The Pope's power is supreme, but not absolute or unlimited
The first part of a two-part in-depth study on papal power: not a personal status of superiority or domination, but a task of care and service, with precise limits.
Several more or less recent events have contributed to sharpening the question of the perimeters of the Supreme Pontiff's power. Traditionally we speak of plenitudo potestatis, an expression that, however, perhaps aided by 20th century and contemporary ideologies, is increasingly understood, even by the holder himself, as absolute and arbitrary power. We therefore asked Prof. Geraldina Boni, Full Professor of Canon Law, Ecclesiastical Law and History of Canon Law at the Department of Legal Sciences of the Alma Mater Studiorum University of Bologna, to direct us in this very delicate and urgent topic. Prof. Boni is also President of the Interministerial Commission for Agreements with Religious Confessions and Religious Freedom and Consultant of the Dicastery for Legislative Texts.
"The Pope does not stand, alone, above the Church; but within it as one Baptised among the Baptised and within the College of Bishops as a Bishop among Bishops, called at the same time - as Successor of the Apostle Peter - to lead the Church of Rome which presides in love over all the Churches". This sentence, pronounced by Pope Francis on 17 October 2015, is entirely and harmoniously inscribed in the secular evolution of the progressive penetration of the substance of the munus entrusted by Christ to Peter and his successors by the Catholic Magisterium as well as by theological and canonical science. A gradual understanding of the Petrine office that has also been cadenced and influenced by the different historical contingencies experienced by the Church (cf. my latest book Il diritto nella storia della Chiesa. Lezioni, Morcelliana, 2023).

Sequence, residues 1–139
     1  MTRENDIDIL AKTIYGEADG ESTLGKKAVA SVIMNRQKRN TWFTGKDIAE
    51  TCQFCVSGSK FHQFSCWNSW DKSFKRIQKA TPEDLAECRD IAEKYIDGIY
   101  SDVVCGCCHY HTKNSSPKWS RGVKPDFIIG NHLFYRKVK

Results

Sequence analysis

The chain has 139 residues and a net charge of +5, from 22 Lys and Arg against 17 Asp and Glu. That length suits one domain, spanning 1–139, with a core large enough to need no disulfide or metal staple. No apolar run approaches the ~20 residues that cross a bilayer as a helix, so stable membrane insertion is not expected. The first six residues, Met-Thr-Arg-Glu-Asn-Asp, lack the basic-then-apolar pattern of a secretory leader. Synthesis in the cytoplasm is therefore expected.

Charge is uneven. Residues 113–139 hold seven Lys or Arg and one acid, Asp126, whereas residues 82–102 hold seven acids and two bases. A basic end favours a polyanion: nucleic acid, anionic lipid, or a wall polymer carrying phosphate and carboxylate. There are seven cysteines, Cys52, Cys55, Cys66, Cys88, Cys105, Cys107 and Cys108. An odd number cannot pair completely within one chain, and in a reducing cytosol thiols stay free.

Thus, the particularly incisive and propulsive role deployed by the papacy from the beginning of the second millennium and that led to a decisive centralisation and a rigid verticalisation in the regiment of the entire Church must be viewed in the context - as well as the medieval mentality - of the "gigantic duel" engaged by the Church to free itself from subjection to the empire and recover its libertas. And yet, even the immediately subsequent elaboration - in the classical era of canon law - of the papal plenitudo potestatis [plenitude of power], while significantly accentuating the jurisdictional content of the primacy and greatly increasing its prerogatives, never harboured any doubts in firmly proclaiming the non-arbitrariness of papal power. Enunciating, for example, the rightful observance by the successor of Peter of the status generalis Ecclesiæ [i.e. the disciplinary and hierarchical rules that constitute the intangible order of the Church, ed.